MARINE CORPS BASE QUANTICO, Va. ― The winner of a contract to develop the Marine Corps new amphibious combat vehicle, the first of its kind in four decades, showcased a potential variant that would give commanders eyes on all areas of the littoral battlefield, on-board drones and targeted hand offs to any ACV in their formations.

BAE Systems guided reporters through the interior of the vehicle, on display at this year’s Modern Day Marine Expo in Quantico, Virginia, on Tuesday.

The variant isn’t one that the Marines have yet requested, but John Swift, program director for BAE’s amphibious vehicles, said the model was an effort to showcase what’s possible with the new vehicle.

Marines selected the BAE version earlier this year over SAIC’s proposed vehicle. Swift noted that decision keeps BAE as the sole company providing such vehicles to the Corps since 1941.

They’ve got to build 30 vehicles by the end of next summer, Swift said. Those vehicles will then go through testing before modifications and the composition of the fleet is decided. Marines want at least two variants as production begins in the next two years: a turreted assault vehicle and a command and control vehicle.

As of now, the Corps’ official numbers call for 704 ACVs for the fleet when full rate production begins in 2022. That number is planned to be completed within six years, Swift said.

The composition of the fleet is still undecided, so the initial 30 vehicles delivered for testing will be basic platforms.

But that was before an announcement reported by Defense News this week that the survivability upgrade contract for the existing AAV fleet of an estimated 392 AAVs was cancelled.

The move is in line with larger National Defense Strategy aims to ramp up modernization by prioritizing money for those programs rather than legacy platforms.

Marine Corps Program Executive Office for Land Systems spokesman Manny Pacheco told reporters at this week’s expo that the early version, or ACV 1.1 outperformed expectations and delivery of the new vehicles would not take much longer than the planned upgrades, which could shorten the calendar.

The deliveries were about six months apart, he said. Meaning that the brand-new vehicles would arrives shortly after the upgraded vehicles were planned.

Swift and Pacheco said separately that the ACV 1.1 was able to both launch and recover, meaning return to ship. That wasn’t an expectation until later versions, which sped up the capability development of the new vehicle, giving the Marines other options in how they would pursue modernizing the fleet.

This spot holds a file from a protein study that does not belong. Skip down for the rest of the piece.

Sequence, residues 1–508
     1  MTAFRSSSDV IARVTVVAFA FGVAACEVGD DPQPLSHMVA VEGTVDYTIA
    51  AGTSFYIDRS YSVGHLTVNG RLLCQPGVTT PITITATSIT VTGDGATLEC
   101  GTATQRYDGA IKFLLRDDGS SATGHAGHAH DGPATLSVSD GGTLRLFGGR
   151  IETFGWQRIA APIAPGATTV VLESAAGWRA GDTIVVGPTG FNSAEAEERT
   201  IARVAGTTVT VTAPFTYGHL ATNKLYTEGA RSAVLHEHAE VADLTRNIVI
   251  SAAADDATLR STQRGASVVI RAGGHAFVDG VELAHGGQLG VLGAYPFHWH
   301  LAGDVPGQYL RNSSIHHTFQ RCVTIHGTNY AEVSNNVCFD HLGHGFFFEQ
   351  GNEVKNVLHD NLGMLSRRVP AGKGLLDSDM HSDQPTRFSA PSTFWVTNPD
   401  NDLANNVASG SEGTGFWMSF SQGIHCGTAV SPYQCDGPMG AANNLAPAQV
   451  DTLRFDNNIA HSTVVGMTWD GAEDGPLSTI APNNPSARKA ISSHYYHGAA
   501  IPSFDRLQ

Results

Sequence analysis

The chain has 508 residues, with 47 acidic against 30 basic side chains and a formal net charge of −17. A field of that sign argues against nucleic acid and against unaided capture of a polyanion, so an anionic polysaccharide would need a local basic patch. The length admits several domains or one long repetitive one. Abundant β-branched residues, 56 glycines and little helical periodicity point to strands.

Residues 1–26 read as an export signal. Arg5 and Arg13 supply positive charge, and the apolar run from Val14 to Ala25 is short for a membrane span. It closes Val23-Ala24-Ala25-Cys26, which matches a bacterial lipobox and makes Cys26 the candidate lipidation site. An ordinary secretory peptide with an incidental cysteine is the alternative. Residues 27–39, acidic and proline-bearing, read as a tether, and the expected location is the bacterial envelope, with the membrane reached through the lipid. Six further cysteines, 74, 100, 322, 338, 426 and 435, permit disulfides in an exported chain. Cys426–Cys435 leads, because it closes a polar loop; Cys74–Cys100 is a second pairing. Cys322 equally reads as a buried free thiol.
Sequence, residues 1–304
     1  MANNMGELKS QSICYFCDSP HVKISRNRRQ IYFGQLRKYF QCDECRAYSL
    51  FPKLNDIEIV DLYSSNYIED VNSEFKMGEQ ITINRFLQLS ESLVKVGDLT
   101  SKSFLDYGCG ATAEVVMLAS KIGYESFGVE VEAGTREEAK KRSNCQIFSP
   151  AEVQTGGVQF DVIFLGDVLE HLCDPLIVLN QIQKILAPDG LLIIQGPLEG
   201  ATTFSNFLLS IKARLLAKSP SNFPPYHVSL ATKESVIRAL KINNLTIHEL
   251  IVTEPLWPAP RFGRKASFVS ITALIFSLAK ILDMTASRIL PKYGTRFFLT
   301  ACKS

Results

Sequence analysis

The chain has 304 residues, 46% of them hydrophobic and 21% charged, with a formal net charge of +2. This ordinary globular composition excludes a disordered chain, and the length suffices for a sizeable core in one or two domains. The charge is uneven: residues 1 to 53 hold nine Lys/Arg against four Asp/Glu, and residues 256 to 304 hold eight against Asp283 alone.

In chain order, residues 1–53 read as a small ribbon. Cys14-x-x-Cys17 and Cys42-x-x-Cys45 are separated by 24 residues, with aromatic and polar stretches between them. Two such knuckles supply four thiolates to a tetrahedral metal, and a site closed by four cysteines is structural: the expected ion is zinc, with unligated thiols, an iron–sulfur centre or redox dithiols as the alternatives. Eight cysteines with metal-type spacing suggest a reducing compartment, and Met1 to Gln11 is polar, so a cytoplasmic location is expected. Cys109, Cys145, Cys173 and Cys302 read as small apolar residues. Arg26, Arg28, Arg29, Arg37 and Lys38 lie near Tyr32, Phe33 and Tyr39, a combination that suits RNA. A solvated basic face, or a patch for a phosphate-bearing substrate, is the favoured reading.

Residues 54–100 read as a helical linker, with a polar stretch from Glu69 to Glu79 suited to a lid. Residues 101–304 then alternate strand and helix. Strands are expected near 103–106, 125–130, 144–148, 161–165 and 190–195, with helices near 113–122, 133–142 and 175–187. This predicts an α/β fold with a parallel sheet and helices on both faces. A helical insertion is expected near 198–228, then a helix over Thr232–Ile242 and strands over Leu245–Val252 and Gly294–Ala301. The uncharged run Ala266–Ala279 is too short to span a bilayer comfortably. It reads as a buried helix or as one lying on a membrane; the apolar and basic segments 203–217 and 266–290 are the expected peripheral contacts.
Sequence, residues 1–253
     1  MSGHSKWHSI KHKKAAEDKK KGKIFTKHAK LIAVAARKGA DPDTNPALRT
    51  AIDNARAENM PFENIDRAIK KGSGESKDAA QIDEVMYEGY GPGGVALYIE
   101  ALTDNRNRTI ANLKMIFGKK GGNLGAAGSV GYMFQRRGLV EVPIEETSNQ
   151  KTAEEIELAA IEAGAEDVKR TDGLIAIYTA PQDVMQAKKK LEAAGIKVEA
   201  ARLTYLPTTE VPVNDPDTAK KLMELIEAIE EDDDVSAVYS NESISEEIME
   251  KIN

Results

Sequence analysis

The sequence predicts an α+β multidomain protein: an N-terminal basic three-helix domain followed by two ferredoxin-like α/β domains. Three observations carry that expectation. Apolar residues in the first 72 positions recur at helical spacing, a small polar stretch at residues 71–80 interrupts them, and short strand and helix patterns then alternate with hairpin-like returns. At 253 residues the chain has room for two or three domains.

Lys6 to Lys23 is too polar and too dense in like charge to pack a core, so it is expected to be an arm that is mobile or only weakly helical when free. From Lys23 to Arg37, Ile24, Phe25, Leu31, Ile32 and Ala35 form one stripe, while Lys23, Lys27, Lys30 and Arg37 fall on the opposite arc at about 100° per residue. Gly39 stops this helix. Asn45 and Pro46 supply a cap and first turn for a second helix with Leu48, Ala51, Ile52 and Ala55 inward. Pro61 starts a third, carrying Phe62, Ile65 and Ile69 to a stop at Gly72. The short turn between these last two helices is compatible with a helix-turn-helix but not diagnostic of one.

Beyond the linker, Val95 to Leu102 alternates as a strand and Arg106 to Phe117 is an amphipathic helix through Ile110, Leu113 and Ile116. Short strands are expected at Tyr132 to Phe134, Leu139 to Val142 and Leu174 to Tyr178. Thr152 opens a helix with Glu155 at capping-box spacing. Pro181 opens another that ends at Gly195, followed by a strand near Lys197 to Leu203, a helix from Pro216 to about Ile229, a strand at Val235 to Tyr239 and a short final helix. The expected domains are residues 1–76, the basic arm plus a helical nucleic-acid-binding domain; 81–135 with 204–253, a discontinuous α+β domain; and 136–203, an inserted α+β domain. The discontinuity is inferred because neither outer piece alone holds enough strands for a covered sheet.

In a question and answer posting about the ACV by the Marine Corps Combat Development Command, officials at the time said they would continue the upgrade program even if the early ACV versions achieved a “self-deployable capability.”

The posting noted that the upgraded AAVs will “address capability gaps that need to be closed as soon as possible.”

It went on to say that the aged AAV fleet also accounts for one-third of the Corps’ lift capacity and “will need to remain operationally effective in the force until their replacements are procured.”

Later in production there’s also interest in building a recovery ACV, Swift said.

The new ACV has a host of differences and capabilities not on the more than 40-year-old AAVs but most immediately noticeable is it is an eight-wheeled vehicle. Gone are the treads of the tracked AAV.

When asked about tire performance by reporters, Swift said that in testing the ACV was able to travel another 30 km with three debilitated tires.

The same questions and answers list had several reasons for wheels over tracks:

Greater mobility in complex, littoral terrain;

• Increased IED protection (2X).

• Reduced fuel consumption (<1/2 fuel consumption).

• Greater reliability (improved mean time between failure).

• Reduced signature and smaller profiles (a critical survivability factor in a G-RAMM environment).

• Increased dispersion of personnel among more vehicles (a critical risk reduction factor).

• The design margins to allow for a family of vehicles of various configurations (personnel, command, and recovery variants; potentially others ie: indirect-fire, anti-armor in the future).

• Significantly reduced cost.

• Less technological risk.

• Nearer-term availability.

• Greater weight growth and freeboard capacity.

Todd South has written about crime, courts, government and the military for multiple publications since 2004 and was named a 2014 Pulitzer finalist for a co-written project on witness intimidation. Todd is a Marine veteran of the Iraq War.

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